# Formally Dual?...?

• Nov 25th 2009, 10:46 AM
Showcase_22
Formally Dual?...?
Quote:

Consider two finite dimensional vector spaces $U$ and $V$ over complex numbers $\mathbb{C}$, their bases $e_i \in U, \ i=1,2,....,n$ and $f_i \in V, \ i=1,2,....,m$, their dual spaces $U^*$ and $V^*$, and their dual bases $e^i$ and $f^i$.

Two linear maps $T:U \rightarrow V$ and $S: V \rightarrow U$ are formally dual if:

$= \ \forall v \in V, \ u \in U$

Prove that the linear maps $T$ and $T_U^{-1} T^*T_V$ are formally dual.

$T: U \rightarrow V$
$T^*: V^* \rightarrow U^*$ so that for each $\alpha \in V^*, \ T^*(\alpha)$ is an element of $U^*$ defined by $T^*(\alpha)(u)=\alpha(T(u)) \ \forall u \in U$.

$T_U: U \rightarrow U^*$ defined by $T_U(w)(u)= \ \forall w,u \in U$ (I know that $T_U(e_i)=e^i$)
It's probably better to start with the RHS and get the LHS.

ie. $=$

It's also clear that $S=T_U^{-1}T^*T_V:V \rightarrow V^* \rightarrow U^* \rightarrow U$ or $S(v)=T_U^{-1}T^*T_V(v)$

Take a basis vector of $V$, call it $f_i$. Do the same for $U$, call the basis vector $e_j$.

I have to get $=$

We get:

$=$ since $T_U(e_i)=e^i$ and i'm now working on a vector in $V$. The linear map $f^i$ also has to act on a vector, so it's acting on some fixed $v \in V$.

$==$

Here $f^iT \in U^*$ but linear maps are defined on how they work on a vector so I need to put a $u$ in there.

Apply $T$ to both sides to get:

$===$

From here i'm absolutely lost! Does anyone have any ideas??

(P.S This is very hard!)
• Nov 25th 2009, 02:41 PM
tonio
Quote:

Originally Posted by Showcase_22
It's probably better to start with the RHS and get the LHS.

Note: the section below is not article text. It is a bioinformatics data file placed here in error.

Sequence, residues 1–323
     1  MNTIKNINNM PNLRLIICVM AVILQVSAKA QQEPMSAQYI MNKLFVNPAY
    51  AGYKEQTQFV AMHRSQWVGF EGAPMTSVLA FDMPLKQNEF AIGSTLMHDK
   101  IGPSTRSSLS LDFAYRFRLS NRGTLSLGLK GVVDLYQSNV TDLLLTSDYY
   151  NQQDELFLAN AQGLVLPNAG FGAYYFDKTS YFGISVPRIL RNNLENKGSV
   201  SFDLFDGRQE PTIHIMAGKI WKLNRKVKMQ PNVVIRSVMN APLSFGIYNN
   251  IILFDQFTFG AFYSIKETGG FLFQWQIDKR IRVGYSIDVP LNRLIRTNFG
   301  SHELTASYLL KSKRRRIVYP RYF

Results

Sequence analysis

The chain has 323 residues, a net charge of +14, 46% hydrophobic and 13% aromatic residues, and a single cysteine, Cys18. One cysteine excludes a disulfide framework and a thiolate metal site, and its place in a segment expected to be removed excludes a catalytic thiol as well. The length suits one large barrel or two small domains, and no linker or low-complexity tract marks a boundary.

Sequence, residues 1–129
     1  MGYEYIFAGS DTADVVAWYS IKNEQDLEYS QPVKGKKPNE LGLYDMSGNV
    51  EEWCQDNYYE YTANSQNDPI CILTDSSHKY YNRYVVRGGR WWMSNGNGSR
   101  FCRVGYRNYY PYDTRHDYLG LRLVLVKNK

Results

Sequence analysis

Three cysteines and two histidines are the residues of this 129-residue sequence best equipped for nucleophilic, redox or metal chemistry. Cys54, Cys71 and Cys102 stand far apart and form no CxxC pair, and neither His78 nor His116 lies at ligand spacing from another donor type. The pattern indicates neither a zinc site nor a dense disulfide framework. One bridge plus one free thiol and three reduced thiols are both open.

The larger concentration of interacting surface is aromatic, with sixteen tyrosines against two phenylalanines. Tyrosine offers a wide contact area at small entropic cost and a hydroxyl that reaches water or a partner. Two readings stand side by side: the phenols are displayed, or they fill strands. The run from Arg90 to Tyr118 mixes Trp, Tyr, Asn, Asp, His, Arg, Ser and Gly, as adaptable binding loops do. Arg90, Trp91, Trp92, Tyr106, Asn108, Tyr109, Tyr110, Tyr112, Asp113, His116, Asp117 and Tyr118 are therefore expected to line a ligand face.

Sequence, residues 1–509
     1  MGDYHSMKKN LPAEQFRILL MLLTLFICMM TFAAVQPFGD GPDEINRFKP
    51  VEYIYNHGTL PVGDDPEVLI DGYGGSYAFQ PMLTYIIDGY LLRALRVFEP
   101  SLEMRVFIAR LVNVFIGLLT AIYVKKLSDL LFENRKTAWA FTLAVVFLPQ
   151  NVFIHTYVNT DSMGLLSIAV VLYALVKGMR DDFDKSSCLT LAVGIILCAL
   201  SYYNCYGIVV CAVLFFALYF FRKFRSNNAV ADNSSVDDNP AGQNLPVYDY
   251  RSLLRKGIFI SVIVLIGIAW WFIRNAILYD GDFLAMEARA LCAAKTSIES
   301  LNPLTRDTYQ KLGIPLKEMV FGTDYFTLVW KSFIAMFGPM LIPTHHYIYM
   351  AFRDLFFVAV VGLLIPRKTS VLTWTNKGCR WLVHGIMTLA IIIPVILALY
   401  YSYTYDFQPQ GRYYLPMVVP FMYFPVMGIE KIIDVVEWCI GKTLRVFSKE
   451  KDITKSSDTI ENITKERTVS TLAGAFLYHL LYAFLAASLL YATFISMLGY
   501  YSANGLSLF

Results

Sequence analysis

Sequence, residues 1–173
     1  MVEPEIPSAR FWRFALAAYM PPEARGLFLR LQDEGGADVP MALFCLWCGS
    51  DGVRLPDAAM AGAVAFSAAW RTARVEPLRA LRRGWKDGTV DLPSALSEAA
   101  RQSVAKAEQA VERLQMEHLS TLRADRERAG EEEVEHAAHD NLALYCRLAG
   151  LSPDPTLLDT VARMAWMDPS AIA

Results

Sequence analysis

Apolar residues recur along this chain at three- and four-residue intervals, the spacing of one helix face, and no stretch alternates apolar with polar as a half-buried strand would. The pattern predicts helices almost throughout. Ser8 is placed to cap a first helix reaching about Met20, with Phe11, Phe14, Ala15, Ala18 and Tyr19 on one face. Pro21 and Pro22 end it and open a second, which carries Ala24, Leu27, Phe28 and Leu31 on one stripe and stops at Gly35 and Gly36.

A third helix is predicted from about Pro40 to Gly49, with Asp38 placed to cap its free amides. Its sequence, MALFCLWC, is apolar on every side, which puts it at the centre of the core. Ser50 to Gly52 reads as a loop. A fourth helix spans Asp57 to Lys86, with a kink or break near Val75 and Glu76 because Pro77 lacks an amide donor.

ie. $=$

It's also clear that $S=T_U^{-1}T^*T_V:V \rightarrow V^* \rightarrow U^* \rightarrow U$ or $S(v)=T_U^{-1}T^*T_V(v)$

Take a basis vector of $V$, call it $f_i$. Do the same for $U$, call the basis vector $e_j$.

I have to get $=$

We get:

$=$ since $T_U(e_i)=e^i$ and i'm now working on a vector in $V$. The linear map $f^i$ also has to act on a vector, so it's acting on some fixed $v \in V$.

$==$

Here $f^iT \in U^*$ but linear maps are defined on how they work on a vector so I need to put a $u$ in there.

Apply $T$ to both sides to get:

$===$

From here i'm absolutely lost! Does anyone have any ideas??

(P.S This is very hard!)

To begin with, a good idea would be, perhaps, to tell us what are $T_U\,,\,T_V$ ...

Tonio
• Nov 25th 2009, 08:40 PM
Shanks
Let U be finite dimention Hilbert space, for any $t \in U$, associates $t^{*} \in U^*$ defined by $
t^*(x) = < t, x >$
. (Define $v^*$ Similarly in V)
Denote the mapping ${\pi} : U^* --> U$ :
$v^{*}T=t^*-->t$ ,Since Hilbert space is self-dual,the mapping is injective,
then RHS
$=$
$==$
$=< T_{U}^{-1}(v^{*}T),u>==t^*(u)$
$= v^*T(u) = < v, T(u)> = < T(u), v>$
= LHS
• Nov 26th 2009, 09:52 AM
Shanks